Monday, July 29, 2019

"All earth was lifted to communion . . ." (Evelyn Underhill)

Since my teens I have been nourished by the writings of Evelyn Underhill (1875-1942), a widely acclaimed Anglican spiritual director who more than deserves to be rediscovered. An Anthology of the Love of God, published after her death, is a good initiation into her work.  Each chapter begins with a poem, many of which come from Immanence, published by Underhill in 1912. Immanence is available FREE for downloading from the internet. I love this particular poem, a deeply moving burst of praise to the Lord for his sacred presence in the Holy Eucharist:

Once in an Abbey-church, the whiles we prayed 
All silent at the lifting of the Host, 
A little bird through some high window strayed ; 
And to and fro 
Like a wee angel lost 
That on a sudden finds its heaven below,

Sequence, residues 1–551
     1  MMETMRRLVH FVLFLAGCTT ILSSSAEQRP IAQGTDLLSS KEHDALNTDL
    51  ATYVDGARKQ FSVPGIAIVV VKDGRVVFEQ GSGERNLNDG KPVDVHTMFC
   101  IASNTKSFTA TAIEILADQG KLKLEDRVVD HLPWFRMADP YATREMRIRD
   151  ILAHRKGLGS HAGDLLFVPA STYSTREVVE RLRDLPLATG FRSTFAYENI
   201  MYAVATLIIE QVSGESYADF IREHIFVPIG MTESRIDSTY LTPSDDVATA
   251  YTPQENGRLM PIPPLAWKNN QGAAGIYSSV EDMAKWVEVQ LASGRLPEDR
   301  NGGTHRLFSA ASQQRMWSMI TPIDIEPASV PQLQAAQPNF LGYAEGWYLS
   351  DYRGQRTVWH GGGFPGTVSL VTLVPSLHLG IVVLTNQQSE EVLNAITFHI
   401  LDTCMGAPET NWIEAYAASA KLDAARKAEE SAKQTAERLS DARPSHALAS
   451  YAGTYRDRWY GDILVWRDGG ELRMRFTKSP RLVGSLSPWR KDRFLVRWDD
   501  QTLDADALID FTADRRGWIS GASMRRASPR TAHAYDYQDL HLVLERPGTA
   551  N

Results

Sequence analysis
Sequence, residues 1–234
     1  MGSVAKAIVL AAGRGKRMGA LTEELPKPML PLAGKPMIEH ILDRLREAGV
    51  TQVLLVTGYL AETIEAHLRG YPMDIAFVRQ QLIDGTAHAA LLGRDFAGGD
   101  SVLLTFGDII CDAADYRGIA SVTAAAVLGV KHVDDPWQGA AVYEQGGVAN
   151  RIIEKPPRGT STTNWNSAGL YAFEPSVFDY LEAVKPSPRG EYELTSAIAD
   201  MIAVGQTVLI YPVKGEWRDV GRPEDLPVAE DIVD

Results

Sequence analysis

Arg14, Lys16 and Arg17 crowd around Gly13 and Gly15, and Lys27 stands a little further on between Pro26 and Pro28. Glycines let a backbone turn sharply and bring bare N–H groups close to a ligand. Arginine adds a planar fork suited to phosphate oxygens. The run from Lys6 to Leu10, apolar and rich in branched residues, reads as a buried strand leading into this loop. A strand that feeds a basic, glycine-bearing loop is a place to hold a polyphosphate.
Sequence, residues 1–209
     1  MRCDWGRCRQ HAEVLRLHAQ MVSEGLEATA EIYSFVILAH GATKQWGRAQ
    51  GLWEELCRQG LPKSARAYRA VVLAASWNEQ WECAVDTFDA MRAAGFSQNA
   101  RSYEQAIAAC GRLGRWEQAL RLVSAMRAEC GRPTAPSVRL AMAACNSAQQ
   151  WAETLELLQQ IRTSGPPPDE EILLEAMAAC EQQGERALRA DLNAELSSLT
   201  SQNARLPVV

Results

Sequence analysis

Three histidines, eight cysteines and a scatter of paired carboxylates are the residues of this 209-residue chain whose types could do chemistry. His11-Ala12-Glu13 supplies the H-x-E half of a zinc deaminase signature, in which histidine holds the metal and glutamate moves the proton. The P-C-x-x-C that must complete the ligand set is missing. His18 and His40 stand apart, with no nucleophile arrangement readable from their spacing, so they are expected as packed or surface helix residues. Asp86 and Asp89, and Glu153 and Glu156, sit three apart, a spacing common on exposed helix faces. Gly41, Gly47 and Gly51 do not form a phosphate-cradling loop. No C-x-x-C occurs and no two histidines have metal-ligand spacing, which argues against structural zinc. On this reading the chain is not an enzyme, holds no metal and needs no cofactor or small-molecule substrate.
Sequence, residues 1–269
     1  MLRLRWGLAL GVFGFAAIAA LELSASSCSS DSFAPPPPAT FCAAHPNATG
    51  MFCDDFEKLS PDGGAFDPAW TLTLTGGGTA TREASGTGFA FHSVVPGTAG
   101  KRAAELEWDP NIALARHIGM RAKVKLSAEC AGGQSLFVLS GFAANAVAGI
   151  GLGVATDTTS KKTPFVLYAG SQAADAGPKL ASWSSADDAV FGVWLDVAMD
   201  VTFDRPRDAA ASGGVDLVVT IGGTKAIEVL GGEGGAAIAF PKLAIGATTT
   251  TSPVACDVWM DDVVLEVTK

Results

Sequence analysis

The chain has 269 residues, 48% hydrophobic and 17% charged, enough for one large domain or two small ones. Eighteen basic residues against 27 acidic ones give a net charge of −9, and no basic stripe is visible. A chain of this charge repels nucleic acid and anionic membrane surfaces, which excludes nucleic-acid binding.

It went the morning long. 
And made our Eucharist more glad with song. 

It sang, it sang ! and as the quiet priest 
Far off about the lighted altar moved, 
The awful substance of the mystic feast 
All hushed before, 
It, like a thing that loved 
Yet loved in liberty, would plunge and soar 
Beneath the vault in play 
And thence toss down the oblation of its lay. 

The walls that went our sanctuary around 
Did, as of old, to that sweet summons yield. 
New scents and sounds within our gates were found ; 
The cry of kine. 
The fragrance of the field, 
All woodland whispers, hastened to the shrine : 
The country side was come 
Eager and joyful, to its spirit's home. 

Far-stretched I saw the cornfield and the plough, 
The scudding cloud, the cleanly-running brook, 
The humble, kindly turf, the tossing bough 
That all their light 
From Love's own furnace took — 
This altar, where one angel brownly bright 
Proclaimed the sylvan creed. 
And sang the Benedictus of the mead. 

All earth was lifted to communion then. 
All lovely life was there to meet its King ; 
Ah, not the little arid souls of men 
But sun and wind 
And all desirous thing 
The ground of their beseeching here did find ; 
All with one self-same bread. 
And all by one eternal priest, were fed.


Elizabeth @ The Garden Window said...

Beautiful. Thank you for sharing this gem.

Post a Comment